First, the scientists spoke. Using lay language and simple Power Point graphs, they conveyed the message about global warming that scientists have tried to get the world to take seriously for decades: global warming is real, global warming is getting worse and global warming is caused by humans.

Then, the theologian, who said that we need to expand our definition of the golden rule inherent in all world religions—treat thy neighbor as thyself, or, do undo others as you would have them do unto you—to include not just the person sitting next to us in the church pew, but future generations of our unborn children.

On Sunday afternoon, March 18, the First Congregational Church of Falmouth, in collaboration with the North Falmouth Congregational Church and the Waquoit Congregational Church, hosted a panel forum called, “Our Warming Planet: What Should We Do?”

The forum, which will be followed by small-group discussion meetings in April and May, was the opening event of an initiative undertaken by the three churches to promote an understanding within the Falmouth community of the role that Christian values can play in response to the issues of climate change.

“Our goal today is to educate and inform,” the forum’s moderator, Gregory B. Mills, Senior Fellow at the Urban Institute in Washington, DC, and a member of First Congregational Church of Falmouth, said in his opening remarks before introducing the forum’s guest scientists:

  • Thomas A. Stone, environmental geologist and scientist emeritus at Woods Hole Research Center;
  • Margaret K. Tivey, vice president for academic programs at Woods Hole Oceanographic Institution, whose research as a senior scientist focuses on sea floor hydrothermal systems; and
  • John W. Farrington, dean emeritus at WHOI and an adjunct professor at the School of Marine Science and Technology at University of Massachusetts Dartmouth.

Science, through a continuing process of observation, modeling, testing, and prediction, tells us this about the earth’s changing climate, these experts said:

The earth’s level of CO2 (carbon dioxide) is higher than ever before in human history. This is caused by the use of fossil fuels—coal, oil, and gas. Our atmosphere, lands, and oceans are warming. The oceans are becoming more acidic.

Heat waves and wildfires are happening more often, storms are stronger and longer, and downpours are heavier. More extremes are coming. We will see massive mid-continental droughts.

Ninety percent of global warming has gone into the ocean. Sea levels are rising; in Massachusetts, for example, the sea level has risen 10 inches.

Arctic ice is melting. “Within the next decade, we will see an ice-free artic,” Dr. Tivey said. “No one knows what this will mean.”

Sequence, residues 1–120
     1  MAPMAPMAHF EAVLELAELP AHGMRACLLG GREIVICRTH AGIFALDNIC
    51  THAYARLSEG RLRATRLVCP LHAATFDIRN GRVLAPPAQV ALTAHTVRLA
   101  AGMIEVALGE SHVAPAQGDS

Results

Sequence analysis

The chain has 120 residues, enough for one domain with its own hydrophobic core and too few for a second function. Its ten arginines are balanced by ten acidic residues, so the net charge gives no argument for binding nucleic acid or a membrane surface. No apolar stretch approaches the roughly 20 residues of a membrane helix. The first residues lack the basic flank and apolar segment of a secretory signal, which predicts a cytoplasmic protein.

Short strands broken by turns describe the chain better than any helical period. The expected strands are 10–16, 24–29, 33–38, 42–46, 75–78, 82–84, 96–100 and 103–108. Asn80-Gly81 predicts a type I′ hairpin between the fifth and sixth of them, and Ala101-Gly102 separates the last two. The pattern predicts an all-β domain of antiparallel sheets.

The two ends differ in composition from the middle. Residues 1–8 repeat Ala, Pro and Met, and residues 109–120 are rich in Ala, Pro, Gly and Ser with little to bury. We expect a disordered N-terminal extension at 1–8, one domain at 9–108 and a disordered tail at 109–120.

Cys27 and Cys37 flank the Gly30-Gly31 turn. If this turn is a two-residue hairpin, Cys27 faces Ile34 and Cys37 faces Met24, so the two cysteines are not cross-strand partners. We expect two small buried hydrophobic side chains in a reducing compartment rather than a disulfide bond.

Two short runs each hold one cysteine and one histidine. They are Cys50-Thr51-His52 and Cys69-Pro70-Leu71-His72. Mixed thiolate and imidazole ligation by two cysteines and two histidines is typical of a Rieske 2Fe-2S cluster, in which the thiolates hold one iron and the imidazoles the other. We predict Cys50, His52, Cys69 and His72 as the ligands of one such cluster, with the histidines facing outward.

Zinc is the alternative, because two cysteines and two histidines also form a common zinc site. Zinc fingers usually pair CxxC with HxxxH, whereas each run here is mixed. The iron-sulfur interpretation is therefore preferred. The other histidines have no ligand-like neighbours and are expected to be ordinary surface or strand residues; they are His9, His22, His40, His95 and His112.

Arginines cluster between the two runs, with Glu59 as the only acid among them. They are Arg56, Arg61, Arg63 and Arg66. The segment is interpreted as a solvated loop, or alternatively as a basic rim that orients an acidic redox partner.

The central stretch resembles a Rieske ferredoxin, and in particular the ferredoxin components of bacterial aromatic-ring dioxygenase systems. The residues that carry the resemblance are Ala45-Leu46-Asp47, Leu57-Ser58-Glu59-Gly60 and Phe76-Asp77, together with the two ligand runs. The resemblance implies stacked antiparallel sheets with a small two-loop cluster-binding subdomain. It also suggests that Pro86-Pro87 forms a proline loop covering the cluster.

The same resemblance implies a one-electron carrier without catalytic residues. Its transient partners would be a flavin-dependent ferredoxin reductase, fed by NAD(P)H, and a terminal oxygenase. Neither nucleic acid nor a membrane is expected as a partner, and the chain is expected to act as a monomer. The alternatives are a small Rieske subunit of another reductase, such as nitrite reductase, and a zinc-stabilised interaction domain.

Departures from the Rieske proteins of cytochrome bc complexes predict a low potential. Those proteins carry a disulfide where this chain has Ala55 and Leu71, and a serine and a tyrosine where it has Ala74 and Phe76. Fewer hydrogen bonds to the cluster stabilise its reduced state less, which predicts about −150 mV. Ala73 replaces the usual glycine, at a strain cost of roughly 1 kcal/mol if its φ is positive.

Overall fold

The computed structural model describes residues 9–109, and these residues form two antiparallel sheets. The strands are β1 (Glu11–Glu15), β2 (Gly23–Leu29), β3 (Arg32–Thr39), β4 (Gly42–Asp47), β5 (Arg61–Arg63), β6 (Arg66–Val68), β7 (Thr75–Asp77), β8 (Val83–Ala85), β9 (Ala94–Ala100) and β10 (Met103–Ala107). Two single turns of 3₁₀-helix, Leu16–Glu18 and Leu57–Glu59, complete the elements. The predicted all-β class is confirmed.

At risk right now are 136 large coastal cities around the world, 40 million people, and $3 trillion in assets. As coastal cities flood, a “climate migration” will number in the millions, perhaps the billions of people.

At a conference in Singapore five years ago, Dr. Farrington saw models on global warming, which projected that in 25 to 45 years, there will be many days when it will be too dangerous for humans to be outside in Singapore.

“If we have a rise in our body temperature of two to three degrees, we know we are sick,” Mr. Stone said. “Likewise, we know the Earth is sick.”

Reducing CO2 emissions is not a technical problem, Mr. Stone said. That is, we know how to do it. Rather, it is a “social and political problem.”

The information on global warming, and the urgent need to address it, can feel so overwhelming that many people—even those with the best of intentions—find it easier to look away and focus on smaller, more manageable ways to do good in the world.

Sunday’s forum let the audience know that they no longer have the luxury of avoiding the truth.

The Reverend James M. Antal, a fiery, compelling climate change activist whose “day job,” as he called it, is minister and president of the Massachusetts Conference, United Church of Christ (the closest thing the Congregational Church has to a bishop), was introduced last, and stepped up to the lectern.

“No one can effectively claim to be a religious leader today who isn’t addressing the greatest challenge the world has ever faced,” he had said in a quick interview before the forum started.

Asked to discuss the broad ethical issues raised by the evidence on climate change, Dr. Antal began his remarks by pointing out the concept of the “triple injustice” of climate change: that climate change is hitting the poorest first and worst; that those most affected by climate change did not cause it and are powerless to stop it; and that those who are profiting from the extraction of fossil fuels are not paying the full costs.

In the introduction to his new book, “Climate Church, Climate World,” Dr. Antal states, “One of the bedrock recognitions that must be embraced by the thousands of human tribes is that we’re all in this together, and that climate change intensifies every system of injustice, discrimination, and disadvantage.”

On humanity’s “inadequate focus on, and acceptance of, intergenerational responsibility,” he said, “Scripture is full of an emphasis on intergenerational responsibility, but because we have such a short time horizon, we are focusing on our current generation’s profits and we ignore our intergenerational responsibility.”